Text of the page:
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J Am Diet Assoc. 2009 Jul;109(7):1194-203. doi: 10.1016/j.jada.2009.04.004.

Differences between food group reports of low-energy reporters and non-low-energy reporters on a food frequency questionnaire.

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  • 1School of Public Health and Health Professions, Department of Social and Preventive Medicine, University at Buffalo, Buffalo, NY 14214-8001, USA.



Low-energy reporters (LERs) and non-LERs differ with respect to several characteristics, including self-reported intake of foods. Limited data exist regarding food intake difference between LERs and non-LERs identified using doubly labeled water (DLW).


In the Observing Protein and Energy Nutrition Study (September 1999-March 2000), differences were examined between food group reports of LERs and non-LERs on a food frequency questionnaire (FFQ) (n=440).


LERs were identified using DLW. Responses of LERs (n=220) and non-LERs (n=220) for 43 food groups on the FFQ were examined in three ways: whether they reported consuming a food group (yes/no), how frequently they reported consuming it (times per day), and the reported portion size (small, medium, or large). Analyses were adjusted for total energy expenditure from DLW.


LERs, compared to non-LERs, were less likely to report consumption for one food group among women (soft drinks/regular). Among men, there was no difference between LERs and non-LERs with respect to reporting consumption of food groups. Reported mean daily frequency of consumption was lower among LERs compared with non-LERs for 23 food groups among women and 24 food groups among men (18 food groups were similar in men and women). In addition, reported mean portion sizes were smaller for LERs compared with non-LERs for six food groups among women and five food groups among men (three food groups were similar in men and women). Results varied minimally by sex and body mass index.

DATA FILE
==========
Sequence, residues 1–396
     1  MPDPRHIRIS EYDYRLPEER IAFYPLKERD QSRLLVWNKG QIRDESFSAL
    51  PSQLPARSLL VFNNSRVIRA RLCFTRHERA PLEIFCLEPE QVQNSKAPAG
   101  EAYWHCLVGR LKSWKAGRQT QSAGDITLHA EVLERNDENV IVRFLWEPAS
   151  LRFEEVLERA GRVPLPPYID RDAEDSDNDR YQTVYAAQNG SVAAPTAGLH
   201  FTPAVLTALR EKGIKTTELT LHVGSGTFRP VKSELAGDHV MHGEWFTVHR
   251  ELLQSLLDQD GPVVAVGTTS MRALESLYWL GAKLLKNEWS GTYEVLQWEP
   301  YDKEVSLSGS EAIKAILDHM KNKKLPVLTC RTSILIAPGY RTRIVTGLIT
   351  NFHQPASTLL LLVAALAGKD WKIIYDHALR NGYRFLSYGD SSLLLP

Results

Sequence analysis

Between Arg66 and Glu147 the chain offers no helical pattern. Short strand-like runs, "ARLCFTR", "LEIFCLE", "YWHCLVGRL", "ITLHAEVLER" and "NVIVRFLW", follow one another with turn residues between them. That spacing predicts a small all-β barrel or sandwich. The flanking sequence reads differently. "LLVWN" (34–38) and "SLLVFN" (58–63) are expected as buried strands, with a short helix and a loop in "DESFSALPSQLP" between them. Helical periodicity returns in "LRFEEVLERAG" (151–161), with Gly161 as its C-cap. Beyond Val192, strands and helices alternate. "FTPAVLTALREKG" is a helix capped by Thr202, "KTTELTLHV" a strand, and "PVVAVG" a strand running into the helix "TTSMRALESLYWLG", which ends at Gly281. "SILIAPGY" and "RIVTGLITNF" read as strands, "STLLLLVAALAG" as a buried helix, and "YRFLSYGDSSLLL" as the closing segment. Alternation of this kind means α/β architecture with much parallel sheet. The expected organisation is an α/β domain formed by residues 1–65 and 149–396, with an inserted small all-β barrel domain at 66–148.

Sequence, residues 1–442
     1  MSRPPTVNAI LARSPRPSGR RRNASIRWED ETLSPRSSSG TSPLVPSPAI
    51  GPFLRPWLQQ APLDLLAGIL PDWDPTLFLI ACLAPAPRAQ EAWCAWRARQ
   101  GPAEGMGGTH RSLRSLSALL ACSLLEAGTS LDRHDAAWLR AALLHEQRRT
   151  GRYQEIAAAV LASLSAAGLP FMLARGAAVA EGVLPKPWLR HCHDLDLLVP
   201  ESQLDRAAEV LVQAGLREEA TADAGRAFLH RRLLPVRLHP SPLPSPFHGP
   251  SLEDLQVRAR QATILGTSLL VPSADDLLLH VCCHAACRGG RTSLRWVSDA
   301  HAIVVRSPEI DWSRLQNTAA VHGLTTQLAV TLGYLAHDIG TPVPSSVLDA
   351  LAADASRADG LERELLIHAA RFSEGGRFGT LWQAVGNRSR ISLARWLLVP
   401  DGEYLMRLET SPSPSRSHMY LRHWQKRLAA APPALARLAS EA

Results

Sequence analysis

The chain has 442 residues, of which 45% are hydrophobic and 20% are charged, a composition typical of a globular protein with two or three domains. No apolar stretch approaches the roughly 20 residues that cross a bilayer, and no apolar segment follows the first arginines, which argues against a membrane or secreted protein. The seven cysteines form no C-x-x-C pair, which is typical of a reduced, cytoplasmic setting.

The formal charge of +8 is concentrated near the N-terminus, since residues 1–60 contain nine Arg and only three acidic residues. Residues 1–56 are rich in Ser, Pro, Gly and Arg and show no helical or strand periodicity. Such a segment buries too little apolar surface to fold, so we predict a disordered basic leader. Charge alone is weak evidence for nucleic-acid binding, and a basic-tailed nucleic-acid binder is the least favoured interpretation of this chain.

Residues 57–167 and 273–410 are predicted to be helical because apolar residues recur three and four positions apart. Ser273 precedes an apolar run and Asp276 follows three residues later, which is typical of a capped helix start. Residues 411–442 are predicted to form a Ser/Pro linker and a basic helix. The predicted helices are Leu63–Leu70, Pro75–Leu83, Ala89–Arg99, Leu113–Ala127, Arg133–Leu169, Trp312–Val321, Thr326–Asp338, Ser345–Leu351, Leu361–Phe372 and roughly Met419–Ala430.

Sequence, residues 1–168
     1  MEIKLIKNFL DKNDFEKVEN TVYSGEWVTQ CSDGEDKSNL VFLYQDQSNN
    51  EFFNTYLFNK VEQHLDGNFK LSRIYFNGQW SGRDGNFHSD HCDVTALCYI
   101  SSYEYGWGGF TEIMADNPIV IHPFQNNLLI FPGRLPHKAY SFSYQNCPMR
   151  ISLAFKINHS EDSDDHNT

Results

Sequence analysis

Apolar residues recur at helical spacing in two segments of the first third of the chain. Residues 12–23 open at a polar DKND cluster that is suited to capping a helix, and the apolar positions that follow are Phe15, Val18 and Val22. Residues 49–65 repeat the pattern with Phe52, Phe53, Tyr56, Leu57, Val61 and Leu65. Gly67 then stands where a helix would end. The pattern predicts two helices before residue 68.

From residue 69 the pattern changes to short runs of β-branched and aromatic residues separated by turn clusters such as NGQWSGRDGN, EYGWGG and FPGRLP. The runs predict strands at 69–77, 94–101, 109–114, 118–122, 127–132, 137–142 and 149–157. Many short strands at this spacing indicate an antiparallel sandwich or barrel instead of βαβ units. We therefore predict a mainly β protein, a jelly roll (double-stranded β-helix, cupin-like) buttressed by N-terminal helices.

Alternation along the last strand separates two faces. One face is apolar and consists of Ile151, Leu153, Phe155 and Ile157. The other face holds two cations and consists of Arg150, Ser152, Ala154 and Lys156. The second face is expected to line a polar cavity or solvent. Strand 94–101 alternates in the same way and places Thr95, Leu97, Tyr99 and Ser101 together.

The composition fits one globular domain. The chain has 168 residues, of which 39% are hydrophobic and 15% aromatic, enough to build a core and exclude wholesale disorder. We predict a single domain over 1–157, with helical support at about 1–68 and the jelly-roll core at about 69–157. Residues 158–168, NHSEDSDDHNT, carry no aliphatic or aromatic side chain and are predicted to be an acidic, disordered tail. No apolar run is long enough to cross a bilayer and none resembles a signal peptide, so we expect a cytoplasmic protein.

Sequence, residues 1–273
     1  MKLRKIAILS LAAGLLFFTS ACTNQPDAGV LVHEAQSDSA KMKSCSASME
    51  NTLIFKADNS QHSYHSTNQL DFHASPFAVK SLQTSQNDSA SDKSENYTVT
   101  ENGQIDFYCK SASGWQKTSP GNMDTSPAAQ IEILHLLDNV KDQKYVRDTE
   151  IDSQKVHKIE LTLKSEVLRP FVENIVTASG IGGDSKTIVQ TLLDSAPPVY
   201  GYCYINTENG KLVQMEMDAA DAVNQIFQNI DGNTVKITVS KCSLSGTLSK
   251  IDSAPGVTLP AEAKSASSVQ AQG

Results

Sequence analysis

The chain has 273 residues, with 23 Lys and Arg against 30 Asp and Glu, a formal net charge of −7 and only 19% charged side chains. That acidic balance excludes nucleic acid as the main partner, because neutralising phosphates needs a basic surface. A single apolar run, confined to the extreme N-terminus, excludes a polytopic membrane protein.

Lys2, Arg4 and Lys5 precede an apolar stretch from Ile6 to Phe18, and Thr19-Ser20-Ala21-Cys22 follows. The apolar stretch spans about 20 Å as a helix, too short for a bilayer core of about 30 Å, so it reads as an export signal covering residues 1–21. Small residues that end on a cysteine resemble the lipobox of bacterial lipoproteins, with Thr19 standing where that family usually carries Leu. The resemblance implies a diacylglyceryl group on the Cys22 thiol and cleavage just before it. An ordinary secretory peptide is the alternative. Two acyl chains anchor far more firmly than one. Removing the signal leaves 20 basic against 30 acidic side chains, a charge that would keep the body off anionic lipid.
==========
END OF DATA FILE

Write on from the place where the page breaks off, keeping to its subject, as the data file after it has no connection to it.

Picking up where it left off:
LERs, compared with non-LERs, were more likely to differ regarding their reported frequency of consumption of food groups than their reported consumption (yes/no) or portion size of food groups. Results did not vary greatly by sex or body mass index. It still remains unclear whether improvement in questionnaire design or additional tools or methods would lead to a decrease in differential reporting due to LER status on an FFQ.

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